The Los Padres Dam was built in 1949 with no way for steelhead to migrate over the dam. At one time a wooden ladder and trap was built which was destroyed in a high water year. The original wooden ladder and trap was replaced by a second fish ladder and trap and constructed of metal. Both ladders and traps were to help upstream migration, but had many problems. The second ladder and trap was considered by many fisheries biologist to be too far downstream of the spillway to attract the majority of migrating fish. Missing the ladder caused fish to damage themselves by trying unsuccessfully to jump up the 40-foot end of the spillway. The fish had to be individually netted and moved to a truck causing further stress and injury to some fish. A still further problem was that unknown persons were thought to pry open the lid to the holding tank and help themselves to a steelhead dinner.
Considering that National Marine Fisheries Service considers 50% of steelhead habitat to be above Los Padres Dam, in 1999 CRSA decided it was time to do something. With a grant from the National Fish and Wildlife Foundation and with help from the California Department of Fish and Game and California American Water, CRSA began construction of better fish ladder and trap.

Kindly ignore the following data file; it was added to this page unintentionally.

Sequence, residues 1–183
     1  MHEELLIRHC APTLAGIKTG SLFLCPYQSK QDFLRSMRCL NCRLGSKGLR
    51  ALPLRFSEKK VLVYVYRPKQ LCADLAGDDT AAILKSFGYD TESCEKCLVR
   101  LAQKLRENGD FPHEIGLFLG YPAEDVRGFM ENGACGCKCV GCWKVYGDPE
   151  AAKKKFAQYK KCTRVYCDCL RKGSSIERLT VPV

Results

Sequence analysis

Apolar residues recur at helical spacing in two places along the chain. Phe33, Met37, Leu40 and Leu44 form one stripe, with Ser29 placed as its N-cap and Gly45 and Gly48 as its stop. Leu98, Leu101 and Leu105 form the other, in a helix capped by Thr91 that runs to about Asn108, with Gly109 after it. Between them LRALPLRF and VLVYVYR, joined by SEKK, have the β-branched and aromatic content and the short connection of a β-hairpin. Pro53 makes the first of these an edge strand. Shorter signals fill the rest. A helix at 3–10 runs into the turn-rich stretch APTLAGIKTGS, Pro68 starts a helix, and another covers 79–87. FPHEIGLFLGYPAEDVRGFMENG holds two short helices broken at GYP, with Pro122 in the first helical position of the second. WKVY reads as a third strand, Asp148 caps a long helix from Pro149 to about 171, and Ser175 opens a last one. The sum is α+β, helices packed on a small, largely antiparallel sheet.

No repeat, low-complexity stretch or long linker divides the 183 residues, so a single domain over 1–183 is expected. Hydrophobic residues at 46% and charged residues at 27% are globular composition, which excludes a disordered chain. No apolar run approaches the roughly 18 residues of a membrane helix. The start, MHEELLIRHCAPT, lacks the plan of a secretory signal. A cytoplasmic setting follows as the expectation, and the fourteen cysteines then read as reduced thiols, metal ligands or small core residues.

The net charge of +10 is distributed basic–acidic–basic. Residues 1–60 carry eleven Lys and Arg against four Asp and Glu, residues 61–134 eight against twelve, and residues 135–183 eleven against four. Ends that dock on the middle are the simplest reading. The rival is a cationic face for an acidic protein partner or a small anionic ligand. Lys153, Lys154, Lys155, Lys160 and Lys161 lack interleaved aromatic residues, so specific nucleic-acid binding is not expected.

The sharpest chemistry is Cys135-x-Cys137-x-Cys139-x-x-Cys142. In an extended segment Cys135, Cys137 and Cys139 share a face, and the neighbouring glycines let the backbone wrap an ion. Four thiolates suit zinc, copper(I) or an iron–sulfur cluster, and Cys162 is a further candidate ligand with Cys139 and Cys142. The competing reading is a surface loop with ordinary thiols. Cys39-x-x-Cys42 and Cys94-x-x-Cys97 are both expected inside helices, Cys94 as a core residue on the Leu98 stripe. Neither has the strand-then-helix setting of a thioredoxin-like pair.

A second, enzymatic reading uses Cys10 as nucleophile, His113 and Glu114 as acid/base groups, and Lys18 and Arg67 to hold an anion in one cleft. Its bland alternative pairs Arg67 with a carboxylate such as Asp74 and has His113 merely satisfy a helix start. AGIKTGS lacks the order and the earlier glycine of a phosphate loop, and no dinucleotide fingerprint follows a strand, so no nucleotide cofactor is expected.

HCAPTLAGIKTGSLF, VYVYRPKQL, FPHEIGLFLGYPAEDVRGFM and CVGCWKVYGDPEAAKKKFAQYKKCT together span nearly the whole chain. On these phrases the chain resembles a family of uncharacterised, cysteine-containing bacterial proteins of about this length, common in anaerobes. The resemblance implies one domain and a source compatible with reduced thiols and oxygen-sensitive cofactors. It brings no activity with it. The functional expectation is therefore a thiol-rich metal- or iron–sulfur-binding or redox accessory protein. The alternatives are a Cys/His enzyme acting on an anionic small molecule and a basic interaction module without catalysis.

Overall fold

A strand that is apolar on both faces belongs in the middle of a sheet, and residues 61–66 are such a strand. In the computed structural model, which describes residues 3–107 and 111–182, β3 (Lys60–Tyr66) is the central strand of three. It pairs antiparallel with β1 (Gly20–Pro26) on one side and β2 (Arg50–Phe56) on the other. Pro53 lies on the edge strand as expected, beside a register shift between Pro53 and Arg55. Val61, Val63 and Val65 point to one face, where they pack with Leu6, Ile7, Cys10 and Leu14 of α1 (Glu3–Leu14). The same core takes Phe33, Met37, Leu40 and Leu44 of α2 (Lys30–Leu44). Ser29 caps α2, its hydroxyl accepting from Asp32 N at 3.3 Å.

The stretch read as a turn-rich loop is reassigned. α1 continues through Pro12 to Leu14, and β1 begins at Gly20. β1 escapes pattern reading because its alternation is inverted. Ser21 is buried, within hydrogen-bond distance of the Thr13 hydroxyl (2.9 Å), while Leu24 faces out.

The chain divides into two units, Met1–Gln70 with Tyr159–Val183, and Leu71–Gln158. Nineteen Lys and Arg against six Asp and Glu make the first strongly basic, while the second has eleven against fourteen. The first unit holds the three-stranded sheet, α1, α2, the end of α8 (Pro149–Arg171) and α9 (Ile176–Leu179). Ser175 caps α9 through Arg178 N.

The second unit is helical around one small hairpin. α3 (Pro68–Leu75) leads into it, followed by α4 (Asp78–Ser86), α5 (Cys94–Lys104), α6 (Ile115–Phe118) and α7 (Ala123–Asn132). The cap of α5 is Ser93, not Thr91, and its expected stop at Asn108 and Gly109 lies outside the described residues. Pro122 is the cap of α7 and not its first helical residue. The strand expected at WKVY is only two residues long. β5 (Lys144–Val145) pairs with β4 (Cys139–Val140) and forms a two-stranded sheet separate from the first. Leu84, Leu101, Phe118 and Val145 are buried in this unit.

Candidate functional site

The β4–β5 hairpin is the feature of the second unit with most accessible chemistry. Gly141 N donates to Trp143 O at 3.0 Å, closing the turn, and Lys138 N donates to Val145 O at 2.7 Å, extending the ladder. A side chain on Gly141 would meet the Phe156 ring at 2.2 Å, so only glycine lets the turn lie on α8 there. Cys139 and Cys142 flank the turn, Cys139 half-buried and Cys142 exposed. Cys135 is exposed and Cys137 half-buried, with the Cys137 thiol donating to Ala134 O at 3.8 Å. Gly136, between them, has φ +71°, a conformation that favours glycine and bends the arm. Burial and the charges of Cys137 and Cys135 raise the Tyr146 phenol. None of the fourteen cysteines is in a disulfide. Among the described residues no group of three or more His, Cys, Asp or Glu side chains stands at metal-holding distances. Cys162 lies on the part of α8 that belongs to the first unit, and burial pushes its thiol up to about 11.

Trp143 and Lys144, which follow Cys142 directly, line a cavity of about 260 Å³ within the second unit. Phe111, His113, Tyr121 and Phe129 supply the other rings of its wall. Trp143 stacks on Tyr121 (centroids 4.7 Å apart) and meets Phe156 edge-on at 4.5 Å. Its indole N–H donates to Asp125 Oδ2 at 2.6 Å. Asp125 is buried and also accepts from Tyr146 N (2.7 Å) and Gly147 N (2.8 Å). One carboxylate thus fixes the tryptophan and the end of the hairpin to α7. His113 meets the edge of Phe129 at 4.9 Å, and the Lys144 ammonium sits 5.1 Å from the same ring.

While CRSA volunteers contributed over 1,000 hours of labor, many others contributed materials and services at low or no cost including Howard Carter Associates, Monterey Peninsula Engineers, Wermuth Allied Van Lines, M. J. Murphy Lumber, and the County of Monterey which waved building permit fees, to make the ladder a reality. In the end, the total cost of the 70-foot ladder and holding tank building was only $107,750. Without volunteers and contributions the cost would have exceeded $250,000.
The new ladder and trap is a much better solution to the ongoing problem of upstream migration. The unique ladder design allows steelhead to swim up the ladder through two resting area pools and into a concrete block holding tank. Once in the holding tank they are encouraged to swim into the Cal Am transfer truck and then driven over the dam and released. All of this is accomplished without being touched by human hands.
The next time you hike to Los Padres Dam look downstream when you pass over the bridge at the end of the spillway. On the west side of the river you can see the CRSA ladder and trap which continues to help steelhead migrate to their ancestral spawning grounds.